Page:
Wednesday, May 16, 2018

100 Year Old Liu An & 70s Puerh Cakes: Urban Legends Do Come True!

Everyone has, I’m sure, heard the story before…

Walk into a Traditional Chinese Herbal Medicine shop and start a conversation about old tea.  Old herbalist goes to back of store and pulls out old basket, container, ect.  In it is some puerh, liu ann, oolong, or liu bao that is 100 years old.  He is unaware of the value of such things or doesn’t care about selling such things for prices that defy his logic as a practitioner of medicine.  Think about it this way, would your doctor sell you medicine that is 1000x marked up?  No, of course not, in some ways this breaches ethical behavior.  So in the end you walk out with thousands of dollars’ worth of antique tea for very little money.  If you are a puerh drinker or drinker of aged teas this could possibly be hitting the Holy Grail….

And, no word of a lie, this just happened to me!

Readers of this blog will know that I have hit a patch of bad tea luck as of late.  Over the last month or so I have had an allergic reaction to seemingly delicious tea, I have had a few orders sell out just before purchase, and had an expensive, favorite teapot break.  With this said, I knew things were looking up.  But this… this is an extreme swing in the opposite direction.

I have actually frequented this old Traditional Chinese Medicine pharmacy before.  This was the same shop that I got a nice haul from back in 2009 when I picked up some items in this post.  Nothing too remarkable but good drinking 90s and early 2000s tea.  I actually visit this shop fairly regularly and had developed a relationship with the very old Cantonese speaking herbalist there.  I remember seeing two unwrapped, shrink wrapped, bings of puerh back in 2009.  It looked a bit sketchy and the herbalist said that it doesn’t taste as good as the Xiaguan tou I picked up.  I pretty much just forgot about it until I was in the herbal pharmacy a week ago.

When I saw the same two old bings again still with the $35.00 Canadian dollar price tags on them, I thought to myself, well they are at least 9 years old now and are still here.  They are probably not legit but, why not try them out for fun?  When I inquired about the two lonely bings the old herbalist said they are from the 1970s.  I immediately perked up because they actually do look like a certain cake from the 1970s.  He then tried to dissuade me, claiming that they taste bad like old puerh and old Chinese herbs.  He instead tried to sell me the only other puerh in his shop- 1 of 2 generic wrapped 250g puerh bricks which he says are 50 year old and taste better.  He is not a puerh drinker himself and after a bit of conversation he claims that he got these from his herbal distributor many years ago.  They are the only puerh he carries.

I decide to pick up one of the “1970s bings” for $27.20… I mean what’s too loose at that price anyways?

I took it to work on a day that was extraordinarily busy- one of those days where you are basically running all day without sitting.  I steeped it in a one of my Korean one cup steppers.  Honestly, I was 99% sure this was not what he said it was.  Although it was so busy I could not give it any attention, I got the impression that this was possibly a 1970s bing.  A few days later, when I had a bit of time to give it some attention, I immediately confirmed that it is most likely a 1970s bing!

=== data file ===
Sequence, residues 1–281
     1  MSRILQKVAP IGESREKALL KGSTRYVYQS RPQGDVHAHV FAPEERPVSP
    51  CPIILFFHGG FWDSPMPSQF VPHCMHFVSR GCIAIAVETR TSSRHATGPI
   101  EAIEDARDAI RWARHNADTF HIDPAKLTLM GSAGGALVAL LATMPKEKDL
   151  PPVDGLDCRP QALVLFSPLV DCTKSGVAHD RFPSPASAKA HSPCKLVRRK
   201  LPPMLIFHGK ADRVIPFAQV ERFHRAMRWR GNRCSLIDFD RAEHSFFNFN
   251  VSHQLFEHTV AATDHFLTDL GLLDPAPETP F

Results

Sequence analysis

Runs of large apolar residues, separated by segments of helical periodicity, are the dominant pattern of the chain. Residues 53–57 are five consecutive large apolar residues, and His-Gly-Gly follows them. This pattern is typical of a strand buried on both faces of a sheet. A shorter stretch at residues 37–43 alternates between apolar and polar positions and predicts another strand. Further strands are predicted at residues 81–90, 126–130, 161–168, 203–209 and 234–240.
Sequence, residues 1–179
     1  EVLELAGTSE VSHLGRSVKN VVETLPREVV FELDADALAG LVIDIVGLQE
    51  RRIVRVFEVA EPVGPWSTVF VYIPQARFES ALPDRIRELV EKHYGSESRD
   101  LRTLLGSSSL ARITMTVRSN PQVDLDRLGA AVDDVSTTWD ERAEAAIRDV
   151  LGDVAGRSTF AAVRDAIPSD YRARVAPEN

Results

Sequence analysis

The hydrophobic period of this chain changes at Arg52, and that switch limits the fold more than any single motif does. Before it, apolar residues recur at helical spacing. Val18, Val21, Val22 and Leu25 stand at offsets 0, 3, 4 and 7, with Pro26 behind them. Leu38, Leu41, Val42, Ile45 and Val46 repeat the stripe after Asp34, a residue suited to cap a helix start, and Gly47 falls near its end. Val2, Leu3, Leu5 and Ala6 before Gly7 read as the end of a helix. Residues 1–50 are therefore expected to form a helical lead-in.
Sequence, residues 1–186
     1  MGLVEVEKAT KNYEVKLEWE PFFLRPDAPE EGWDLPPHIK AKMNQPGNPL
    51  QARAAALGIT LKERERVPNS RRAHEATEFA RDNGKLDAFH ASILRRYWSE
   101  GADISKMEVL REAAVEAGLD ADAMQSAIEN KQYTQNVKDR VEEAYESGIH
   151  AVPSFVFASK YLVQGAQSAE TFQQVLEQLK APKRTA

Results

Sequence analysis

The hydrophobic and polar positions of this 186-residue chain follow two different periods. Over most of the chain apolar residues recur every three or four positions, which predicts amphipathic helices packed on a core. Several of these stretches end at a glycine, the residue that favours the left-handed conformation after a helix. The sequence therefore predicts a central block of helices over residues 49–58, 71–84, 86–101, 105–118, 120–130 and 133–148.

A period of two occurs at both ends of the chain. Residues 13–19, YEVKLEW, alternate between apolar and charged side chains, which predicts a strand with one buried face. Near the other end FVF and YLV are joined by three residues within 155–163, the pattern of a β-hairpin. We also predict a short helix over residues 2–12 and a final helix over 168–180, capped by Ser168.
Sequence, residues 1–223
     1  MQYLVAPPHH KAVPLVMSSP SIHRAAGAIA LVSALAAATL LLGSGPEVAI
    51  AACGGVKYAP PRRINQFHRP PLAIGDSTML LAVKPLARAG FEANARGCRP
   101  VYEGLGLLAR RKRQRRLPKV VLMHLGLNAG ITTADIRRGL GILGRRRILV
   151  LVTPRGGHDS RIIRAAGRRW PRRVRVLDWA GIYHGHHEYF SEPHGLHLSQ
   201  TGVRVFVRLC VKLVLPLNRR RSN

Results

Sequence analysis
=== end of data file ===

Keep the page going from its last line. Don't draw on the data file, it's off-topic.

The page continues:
So as soon as I could, I went back to the old herb store and purchased the other “1970s” bing as well as one of the other 250g bricks.  These bricks had not been at the store when I inquired in 2009 and didn’t even look that old, but after confirming the 1970s bing I wanted to find out for sure.

The old herbalist and I chatted for a bit and he confirmed that he didn’t know for sure if it was a 50 year old puerh brick but that is what the herbal distributor told him when he bought it.  He couldn’t remember how long he had stocked the brick.

Then he asked me if I knew what Liu An tea was. I told him that I was a big fan of it.  He emerged from the back of his store with an ancient looking basket sealed in an old, yellow tinged clear bag covered in a thick layer of dust.  In talking with him he said that it was a 100 year old Lui An basket and could personally confirm its approximate age.  When pressed about it he said it could be anywhere from 100-50 years old approximately.  It certainly looks quite old.

I ended up paying $334.00 in total and walking away with 4 apparently old teas- 2- “1970s bings”, 1- “50 Year Old Puerh 250g Brick” 1- “100-50years Liu An Basket”.

I hope to post extensively about tasting and trying to authenticate these “old” teas in the coming days and weeks.  I am sure some are not what they say but what if…..

I hope you will join me.



Karl said...


Good luck with the teas, I hope they turn out to be everything you think they could be. If so, they found a worthy home.

Matt said...

Karl Drewke,

Thanks for your kind words and shared optimism.

I think you really have to go into things like this with the mindset of either "no expectations" or "very very unlikely to be true" and then work from there.

This is the same for Taobao buys.

If it turns out to be drinkable then that is great. If it turns out to be more than that ... then even better.